Blowing Stones is about exploring sounds. Similar to that stone in England Mat Fowler and Steve Cormack may or may not be referring to, it’s a fixed exploration. For each track the two saddle themselves on a sliding scale of odd-pop tones and react to one another’s simple phrases, typically three-note trills, like characters speaking. You can imagine the two, given a mean set of actual stones, writing spirited ditties all day.
The general tone is uplifting, a little awestruck but ultimately thoughtful and playful. The tracks flow at a meandering pace. Although most of the tracks are built around simple acoustic or electric guitar and drum kit, the instrumentation comes across as fairly dense. There’s clarinet, synths, bumbling bass, electronic buzzes and hums; I think I even heard a glockenspiel and a guiro. And every sound is sewn together with the strange but undoubted relatedness of, say, cousins. In the whole there is forged a kinship that makes you realize that distance and influence can make blood seem foreign.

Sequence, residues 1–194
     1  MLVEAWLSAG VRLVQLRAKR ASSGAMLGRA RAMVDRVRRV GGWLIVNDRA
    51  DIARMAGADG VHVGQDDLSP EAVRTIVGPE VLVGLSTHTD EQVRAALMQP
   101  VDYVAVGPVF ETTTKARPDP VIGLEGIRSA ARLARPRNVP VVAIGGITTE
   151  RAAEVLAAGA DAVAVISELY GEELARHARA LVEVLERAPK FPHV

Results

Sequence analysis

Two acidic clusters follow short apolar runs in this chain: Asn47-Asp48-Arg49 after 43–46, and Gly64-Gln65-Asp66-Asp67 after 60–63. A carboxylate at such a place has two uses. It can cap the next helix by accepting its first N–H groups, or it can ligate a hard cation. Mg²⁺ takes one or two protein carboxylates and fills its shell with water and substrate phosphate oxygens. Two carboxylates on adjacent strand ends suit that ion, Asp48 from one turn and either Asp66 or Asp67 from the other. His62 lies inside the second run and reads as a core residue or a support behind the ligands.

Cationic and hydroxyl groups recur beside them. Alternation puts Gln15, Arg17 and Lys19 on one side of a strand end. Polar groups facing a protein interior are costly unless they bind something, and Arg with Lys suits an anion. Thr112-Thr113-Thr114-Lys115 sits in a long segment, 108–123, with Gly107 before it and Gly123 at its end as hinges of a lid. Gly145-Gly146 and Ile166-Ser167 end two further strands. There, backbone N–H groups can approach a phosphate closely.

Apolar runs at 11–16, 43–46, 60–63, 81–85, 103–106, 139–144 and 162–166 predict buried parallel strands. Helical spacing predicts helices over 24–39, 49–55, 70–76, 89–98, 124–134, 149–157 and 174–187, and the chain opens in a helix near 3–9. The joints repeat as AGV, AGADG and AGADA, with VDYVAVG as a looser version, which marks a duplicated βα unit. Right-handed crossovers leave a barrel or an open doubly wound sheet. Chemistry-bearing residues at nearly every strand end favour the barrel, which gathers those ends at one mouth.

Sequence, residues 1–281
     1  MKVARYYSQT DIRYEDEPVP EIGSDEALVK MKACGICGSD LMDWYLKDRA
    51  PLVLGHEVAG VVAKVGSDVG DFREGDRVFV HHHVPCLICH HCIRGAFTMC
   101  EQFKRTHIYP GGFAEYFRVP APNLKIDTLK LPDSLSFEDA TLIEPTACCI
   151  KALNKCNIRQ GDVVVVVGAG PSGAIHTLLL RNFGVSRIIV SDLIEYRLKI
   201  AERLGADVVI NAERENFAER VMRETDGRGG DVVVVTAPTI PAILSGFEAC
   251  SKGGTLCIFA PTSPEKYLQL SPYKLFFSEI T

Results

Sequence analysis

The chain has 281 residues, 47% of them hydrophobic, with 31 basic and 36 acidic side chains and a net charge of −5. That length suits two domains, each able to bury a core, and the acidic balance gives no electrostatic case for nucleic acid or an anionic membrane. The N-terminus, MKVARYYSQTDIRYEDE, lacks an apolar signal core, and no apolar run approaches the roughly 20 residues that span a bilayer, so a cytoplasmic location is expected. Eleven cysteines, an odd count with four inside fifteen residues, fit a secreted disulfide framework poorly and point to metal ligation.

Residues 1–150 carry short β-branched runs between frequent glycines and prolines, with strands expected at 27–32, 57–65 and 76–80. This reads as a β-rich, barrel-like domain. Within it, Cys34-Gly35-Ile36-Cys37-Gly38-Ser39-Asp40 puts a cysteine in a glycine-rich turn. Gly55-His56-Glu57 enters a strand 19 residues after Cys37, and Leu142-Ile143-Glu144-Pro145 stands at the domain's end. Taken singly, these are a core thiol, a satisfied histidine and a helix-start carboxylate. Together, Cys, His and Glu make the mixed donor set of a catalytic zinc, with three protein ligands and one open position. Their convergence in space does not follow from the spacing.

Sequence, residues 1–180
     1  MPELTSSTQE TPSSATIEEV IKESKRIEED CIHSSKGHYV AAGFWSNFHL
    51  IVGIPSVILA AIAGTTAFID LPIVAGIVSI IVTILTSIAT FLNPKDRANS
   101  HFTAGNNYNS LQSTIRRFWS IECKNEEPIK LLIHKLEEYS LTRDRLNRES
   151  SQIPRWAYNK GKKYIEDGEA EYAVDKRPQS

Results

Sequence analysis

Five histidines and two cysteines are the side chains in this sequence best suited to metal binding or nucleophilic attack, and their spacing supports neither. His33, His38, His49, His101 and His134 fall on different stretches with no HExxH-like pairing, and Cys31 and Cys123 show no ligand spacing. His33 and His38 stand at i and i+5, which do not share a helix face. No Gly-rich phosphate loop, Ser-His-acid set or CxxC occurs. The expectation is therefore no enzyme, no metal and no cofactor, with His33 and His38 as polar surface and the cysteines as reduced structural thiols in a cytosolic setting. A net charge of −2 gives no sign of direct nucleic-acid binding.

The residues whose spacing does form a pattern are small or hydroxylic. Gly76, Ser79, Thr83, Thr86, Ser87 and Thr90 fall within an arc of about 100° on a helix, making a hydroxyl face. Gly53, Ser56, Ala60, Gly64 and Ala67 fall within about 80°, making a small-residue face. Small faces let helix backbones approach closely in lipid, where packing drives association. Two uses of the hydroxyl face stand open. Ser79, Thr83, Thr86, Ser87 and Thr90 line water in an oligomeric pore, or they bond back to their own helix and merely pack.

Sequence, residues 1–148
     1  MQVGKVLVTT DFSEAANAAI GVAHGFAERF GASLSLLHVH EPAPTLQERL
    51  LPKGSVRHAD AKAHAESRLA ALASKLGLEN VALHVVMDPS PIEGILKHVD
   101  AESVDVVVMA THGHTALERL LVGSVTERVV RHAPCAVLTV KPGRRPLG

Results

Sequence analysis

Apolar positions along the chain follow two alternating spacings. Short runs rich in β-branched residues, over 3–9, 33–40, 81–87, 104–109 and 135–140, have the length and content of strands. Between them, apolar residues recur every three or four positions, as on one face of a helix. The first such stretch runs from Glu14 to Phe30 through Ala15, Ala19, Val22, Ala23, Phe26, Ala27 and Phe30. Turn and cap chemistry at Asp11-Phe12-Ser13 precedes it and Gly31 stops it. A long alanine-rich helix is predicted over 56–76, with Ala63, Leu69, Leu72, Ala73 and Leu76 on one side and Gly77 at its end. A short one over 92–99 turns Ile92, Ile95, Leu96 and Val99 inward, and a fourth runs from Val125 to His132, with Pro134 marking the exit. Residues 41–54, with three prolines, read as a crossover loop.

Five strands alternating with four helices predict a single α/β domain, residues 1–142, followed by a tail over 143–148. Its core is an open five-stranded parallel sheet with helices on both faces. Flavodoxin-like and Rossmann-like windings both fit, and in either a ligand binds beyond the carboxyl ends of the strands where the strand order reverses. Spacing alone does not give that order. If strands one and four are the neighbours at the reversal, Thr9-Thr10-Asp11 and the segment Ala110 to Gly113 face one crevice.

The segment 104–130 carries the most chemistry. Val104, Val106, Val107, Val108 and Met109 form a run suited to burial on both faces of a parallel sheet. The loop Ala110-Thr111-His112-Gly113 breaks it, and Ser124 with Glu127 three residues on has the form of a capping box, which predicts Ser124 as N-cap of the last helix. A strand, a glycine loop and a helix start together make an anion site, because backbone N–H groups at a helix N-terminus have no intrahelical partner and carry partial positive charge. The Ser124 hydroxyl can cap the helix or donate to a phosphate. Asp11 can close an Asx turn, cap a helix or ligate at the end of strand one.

Being a sort of fixed exploration, Blowing Stones at times can feel claustrophobic. But at its best, Blowing Stones can trick you. It can trick you into perceiving a set of shapes suddenly as a set of bodies all while showing you how this playful re-illustration is possible. It has that ability to take simple elements and make them complex or at least texturize them. See the album cover for a general idea of what I’m talking about. All in all, Jam Money are inviting you into their little space to treat stones as instruments because that’s the only way they know how to treat them.